When you've written your manuscript, you're still not done. Even though you may have written "The End" on the final page, it's not. At this point, you have to edit and rewrite. This needs to be done before you send it to an editor to work on.

 

While you're waiting on the editor to do her magic on your book, you can map your manuscript.

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Lee Child Debunks the Biggest Writing Myths

Like his famous protagonist, Jack Reacher, Lee Child is a bit of a rogue badass—especially when it comes to his thoughts on writing, and debunking popular writing rules.

 

In his ThrillerFest session “Tell, Don’t Show: Why Writing Rules are Mostly Wrong,” Child battled a few of the biggest writing myths out there, and explained what really keeps a reader reading until The End.

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Six Tips to Editing your Fiction

Six Tips to Editing your Fiction | The Funnily Enough | Scoop.it

The editing process can be tedious at times. For me, this is a love/hate relationship. I sometimes despise it and sometimes I enjoy it. Here are some wonderful tips (reminders) when you're editing your work.

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How To Write Killer Flashbacks in 3 Steps

Flashbacks are a perfect way to establish back story or wrangle with some key emotional issue. How to achieve that is easy. It takes only three simple steps.

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Choosing The Right Words Is One Key To Good Writing

Choosing The Right Words Is One Key To Good Writing | The Funnily Enough | Scoop.it

At First, Just Write


When the muse is striking, or even if it’s just sitting on your shoulder yawning, just write. Go with the flow and don’t pay much attention to what your hands are doing. Gather momentum and go. Let your mind be a baby and wander where it will.

 

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Two Sides To Every Story. At Least.

Two Sides To Every Story. At Least. | The Funnily Enough | Scoop.it

Tension is a key element of drama. Tension is a question. It’s an outcome you want to know. It’s anticipation. Tension comes in different sizes and shapes.

 

“There’s a bomb on the bus!” is a different kind of tension to “Are you waiting for someone?”

 

The big, explosive stuff (physical or emotional) takes care of itself. You may need to manage it, but tension will be present. My daughter’s been kidnapped! — very hard to underplay.

 

This post will be about working tension into smaller, more intimate scenes.

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Top 10 Books for Writers You Need to Read Now

Top 10 Books for Writers You Need to Read Now | The Funnily Enough | Scoop.it

This strikes me as the perfect time to make a list of my favorite top 10 books for writers. Books I believe, no aspiring writer should be without.

 

Ideally, read these when you haven’t really decided what sort of writer you’d like to be. Heck, you are not even sure if you want to become one, or you even can. (Skip to inspiration or memoirs section, my friend. Start with that one.)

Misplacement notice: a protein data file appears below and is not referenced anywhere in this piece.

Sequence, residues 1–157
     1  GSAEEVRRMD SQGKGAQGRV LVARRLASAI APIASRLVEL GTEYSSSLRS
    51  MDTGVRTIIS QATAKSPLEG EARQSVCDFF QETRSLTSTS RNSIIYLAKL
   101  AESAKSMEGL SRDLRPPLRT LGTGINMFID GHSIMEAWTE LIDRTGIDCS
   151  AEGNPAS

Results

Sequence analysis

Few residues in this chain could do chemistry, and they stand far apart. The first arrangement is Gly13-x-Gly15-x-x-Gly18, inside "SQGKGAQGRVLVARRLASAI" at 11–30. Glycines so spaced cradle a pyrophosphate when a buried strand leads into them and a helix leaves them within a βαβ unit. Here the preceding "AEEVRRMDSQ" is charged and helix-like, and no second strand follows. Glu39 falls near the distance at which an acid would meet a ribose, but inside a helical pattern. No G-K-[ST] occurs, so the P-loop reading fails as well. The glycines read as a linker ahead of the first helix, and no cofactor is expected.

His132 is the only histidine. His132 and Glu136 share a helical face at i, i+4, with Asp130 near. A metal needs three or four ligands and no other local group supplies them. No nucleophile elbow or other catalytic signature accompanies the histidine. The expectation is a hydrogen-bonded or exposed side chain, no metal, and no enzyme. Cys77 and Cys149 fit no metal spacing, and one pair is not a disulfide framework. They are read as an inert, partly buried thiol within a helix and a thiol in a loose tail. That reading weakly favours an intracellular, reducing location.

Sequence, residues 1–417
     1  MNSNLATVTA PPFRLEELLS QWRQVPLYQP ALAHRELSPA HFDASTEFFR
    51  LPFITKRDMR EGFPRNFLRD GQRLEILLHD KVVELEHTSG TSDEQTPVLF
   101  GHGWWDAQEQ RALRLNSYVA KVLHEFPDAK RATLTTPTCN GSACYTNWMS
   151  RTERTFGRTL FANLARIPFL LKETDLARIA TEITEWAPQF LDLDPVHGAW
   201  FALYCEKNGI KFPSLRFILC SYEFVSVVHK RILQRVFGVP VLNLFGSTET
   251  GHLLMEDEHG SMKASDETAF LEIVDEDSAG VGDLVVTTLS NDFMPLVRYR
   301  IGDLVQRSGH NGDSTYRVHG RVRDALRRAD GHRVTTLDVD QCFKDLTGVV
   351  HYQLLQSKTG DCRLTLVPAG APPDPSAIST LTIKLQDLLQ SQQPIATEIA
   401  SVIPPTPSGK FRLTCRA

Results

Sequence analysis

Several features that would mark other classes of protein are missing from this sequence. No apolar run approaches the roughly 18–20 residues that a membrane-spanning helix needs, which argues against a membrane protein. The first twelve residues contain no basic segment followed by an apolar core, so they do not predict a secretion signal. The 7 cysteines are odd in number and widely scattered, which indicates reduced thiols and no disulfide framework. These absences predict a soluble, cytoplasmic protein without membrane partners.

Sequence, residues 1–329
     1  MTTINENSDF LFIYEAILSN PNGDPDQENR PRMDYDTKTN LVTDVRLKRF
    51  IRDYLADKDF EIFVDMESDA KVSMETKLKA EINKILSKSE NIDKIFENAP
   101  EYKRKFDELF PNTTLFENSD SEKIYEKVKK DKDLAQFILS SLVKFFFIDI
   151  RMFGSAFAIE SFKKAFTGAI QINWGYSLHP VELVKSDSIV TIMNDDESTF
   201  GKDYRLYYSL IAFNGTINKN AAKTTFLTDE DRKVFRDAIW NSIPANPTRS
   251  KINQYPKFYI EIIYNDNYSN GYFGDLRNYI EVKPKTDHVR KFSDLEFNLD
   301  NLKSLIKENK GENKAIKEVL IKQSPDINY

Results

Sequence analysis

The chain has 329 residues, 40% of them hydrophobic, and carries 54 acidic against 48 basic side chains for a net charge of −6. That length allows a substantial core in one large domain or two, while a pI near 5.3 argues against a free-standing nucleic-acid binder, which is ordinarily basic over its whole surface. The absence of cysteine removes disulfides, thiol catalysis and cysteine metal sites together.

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How to Use Sound to Make Your Novel Stand Out In A Sea of Noise

How to Use Sound to Make Your Novel Stand Out In A Sea of Noise | The Funnily Enough | Scoop.it

If you’re limiting yourself to just naming a sound, you’re missing out on the richness that the sense of sound could bring to your fiction. You’re speaking to your reader in a monotone.

 

Next to sight, sound is the most commonly used sense in fiction, but three techniques can help you change the sounds you use from plain background noise into something that adds new depth to your stories.

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How to Write Better Fiction

How to Write Better Fiction | The Funnily Enough | Scoop.it

You know that feeling you get when you read a novel and become completely lost in it? You can’t put it down, so you lose track of time. When you finally finish, you wish it would just keep going.

 

Isn’t that the kind of novel you want to write?

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Plotting Act 2: Defeat the Sagging Middle!

Plotting Act 2: Defeat the Sagging Middle! | The Funnily Enough | Scoop.it

I am plotting Act 2, and the terror of the empty page is hitting, take two.


So, I’m going back to some previous posts about plotting to see what they will tell me about plot, especially the middle of this novel.

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How to Format a Synopsis

I’ve been asked more than once to lay out the setup for a synopsis. Since the synopsis is so important for fiction writers, I will do just that. Before we get to the format specifics, however, let’s look at the purpose of a synopsis. And let me point out that there are very different recommendations regarding the style and purposes of a synopsis, differences so striking that the two camps might as well be discussing different pieces of writing.

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Are First Drafts Always Awful?

Are First Drafts Always Awful? | The Funnily Enough | Scoop.it

So a couple weeks ago I wrote this post on why writers need to act like professionals and how to do so, and part of the list mentioned editing until you’ve ripped your first draft apart and made it unrecognizable. Because of that, one of you fabulous commenters asked a question that really got me thinking, namely, whether or not most writers really look at their first drafts as something so rough that it requires complete draft-altering surgery.